Tony ‘Snow’ Wells receives Medal of the Order of Australia

On most Saturdays throughout the cricket season, you can find Tony “Snow” Wells down at Brooke Moore Oval.

HONOUR: Veteran Bathurst cricket coach Tony Wells has been honoured for his service to cricket. Photo: BRADLEY JURD

HONOUR: Veteran Bathurst cricket coach Tony Wells has been honoured for his service to cricket. Photo: BRADLEY JURD

He wrapped up yet another season of cricket coaching earlier this year, with Rugby Union’s under 14s side.

It’s just one gig in the many roles he’s had in cricket for almost half a century.

He’s a life member of both the Bathurst District Cricket Association and Rugby Union Cricket Club but now Wells is set for his biggest honour yet.

On Monday morning, Wells will be in Canberra as he is presented with the Medal of the Order of Australia in the General Division.

“I was really quite thrilled when I find out. It’s really fantastic,” he said.

“I told me wife and the rest of my family are really thrilled. They’re all really happy for me.”

Wills was surprised to find out he was receiving the Medal of the Order of Australia.

He’s also got a few ideas on who nominated him.

“I’ll have to go see him and say thanks,” he said.

At 67-years-old, he’s still enjoying cricket even though he admitted he’s slower than what he use to be.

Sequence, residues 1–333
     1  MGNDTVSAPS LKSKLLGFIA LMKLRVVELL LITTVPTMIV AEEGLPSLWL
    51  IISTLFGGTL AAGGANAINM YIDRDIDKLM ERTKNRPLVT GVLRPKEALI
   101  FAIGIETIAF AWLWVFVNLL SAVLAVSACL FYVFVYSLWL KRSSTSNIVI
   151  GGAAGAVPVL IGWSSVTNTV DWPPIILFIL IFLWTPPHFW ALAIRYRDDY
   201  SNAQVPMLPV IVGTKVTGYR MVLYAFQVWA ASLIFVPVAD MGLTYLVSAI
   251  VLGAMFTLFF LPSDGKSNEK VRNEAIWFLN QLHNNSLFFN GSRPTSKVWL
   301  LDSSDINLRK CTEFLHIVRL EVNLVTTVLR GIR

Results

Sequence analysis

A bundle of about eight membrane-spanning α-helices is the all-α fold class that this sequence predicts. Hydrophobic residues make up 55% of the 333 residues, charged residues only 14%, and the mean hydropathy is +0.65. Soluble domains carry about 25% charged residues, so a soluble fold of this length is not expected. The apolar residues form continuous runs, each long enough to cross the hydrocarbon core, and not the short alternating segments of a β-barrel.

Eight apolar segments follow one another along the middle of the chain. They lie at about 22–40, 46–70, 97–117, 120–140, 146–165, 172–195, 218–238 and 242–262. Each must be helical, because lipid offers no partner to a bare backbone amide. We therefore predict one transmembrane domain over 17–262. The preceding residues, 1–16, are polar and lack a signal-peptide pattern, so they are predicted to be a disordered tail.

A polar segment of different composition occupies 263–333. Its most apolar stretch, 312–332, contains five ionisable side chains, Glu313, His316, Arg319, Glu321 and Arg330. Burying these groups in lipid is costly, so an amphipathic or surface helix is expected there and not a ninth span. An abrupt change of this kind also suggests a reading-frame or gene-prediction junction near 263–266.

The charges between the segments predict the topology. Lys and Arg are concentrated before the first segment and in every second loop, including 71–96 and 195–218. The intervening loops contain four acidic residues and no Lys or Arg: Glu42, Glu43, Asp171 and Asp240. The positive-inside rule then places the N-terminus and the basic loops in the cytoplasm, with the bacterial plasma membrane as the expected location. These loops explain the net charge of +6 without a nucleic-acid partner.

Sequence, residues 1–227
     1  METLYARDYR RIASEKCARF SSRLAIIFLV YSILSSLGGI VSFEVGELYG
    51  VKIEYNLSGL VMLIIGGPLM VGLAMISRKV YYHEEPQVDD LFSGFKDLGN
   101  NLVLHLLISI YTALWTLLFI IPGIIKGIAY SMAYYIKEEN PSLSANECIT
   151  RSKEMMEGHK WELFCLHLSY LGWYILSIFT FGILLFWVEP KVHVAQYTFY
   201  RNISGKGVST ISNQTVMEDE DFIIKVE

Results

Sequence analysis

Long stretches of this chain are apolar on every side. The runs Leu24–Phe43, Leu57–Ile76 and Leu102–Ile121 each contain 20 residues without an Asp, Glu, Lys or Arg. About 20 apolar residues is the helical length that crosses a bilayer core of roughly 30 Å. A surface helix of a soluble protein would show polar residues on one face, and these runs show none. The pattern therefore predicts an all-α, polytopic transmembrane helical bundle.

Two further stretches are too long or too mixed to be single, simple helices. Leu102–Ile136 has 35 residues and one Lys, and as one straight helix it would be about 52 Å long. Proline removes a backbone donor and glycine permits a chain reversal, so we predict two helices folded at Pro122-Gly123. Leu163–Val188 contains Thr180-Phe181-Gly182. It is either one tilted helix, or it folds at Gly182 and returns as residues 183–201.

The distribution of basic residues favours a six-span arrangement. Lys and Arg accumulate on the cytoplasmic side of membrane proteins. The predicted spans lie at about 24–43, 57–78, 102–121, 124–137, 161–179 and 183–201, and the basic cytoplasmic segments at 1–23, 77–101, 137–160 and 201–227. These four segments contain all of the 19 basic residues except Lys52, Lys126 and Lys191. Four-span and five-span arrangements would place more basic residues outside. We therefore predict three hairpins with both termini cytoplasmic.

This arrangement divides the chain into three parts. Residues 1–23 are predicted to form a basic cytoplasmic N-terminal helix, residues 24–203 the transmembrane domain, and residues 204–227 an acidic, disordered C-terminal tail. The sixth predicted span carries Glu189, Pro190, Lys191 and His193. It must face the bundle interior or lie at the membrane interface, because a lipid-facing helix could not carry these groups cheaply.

“The ball comes back quicker and a bit harder now,” he said.

“I’m starting to slow down now a bit. I’ve probably got about two more years in me.

“I’m coaching the Rugby under 14s at the moment. I’ll see them through juniors and then that’ll do me.” 

Wells came to Bathurst in 1976, through his job with the Central Mapping Authority.

He’d already been coaching and playing in the St George Junior Cricket Association with Ramsgate RSL from 1970 to 1976.

He joined the now defunct CMA club when he came to Bathurst before it folded in 1986.

He joined Rugby Union in 1987 and has been there ever since.

“It’s been a really enjoyable club to coach with,” he said.

“The kids can play for juniors and go right through to first grade.” 

Wells stopped playing cricket in 1983 but remained focused on coaching.

He’s been a coach with junior representative teams since 1978 and has held a range of executive and administrative positions on the Bathurst District Junior Cricket Association committee since 1982. 

He managed the Bradman Cup under 16s side in Western Zone from 2012 to 2016 and was Mitchell Cricket Council’s regional director of coaching from 2012 to 2017.

He was also named a Living Legend in 2016 by Bathurst Regional Council. 

Only this year, Wells witnessed Rugby Union claim its maiden first grade title. 

“That was a relief. The boys did really well,” he said.

Wells admitted that he won’t get to use his OAM signature much, as he doesn’t write many letters.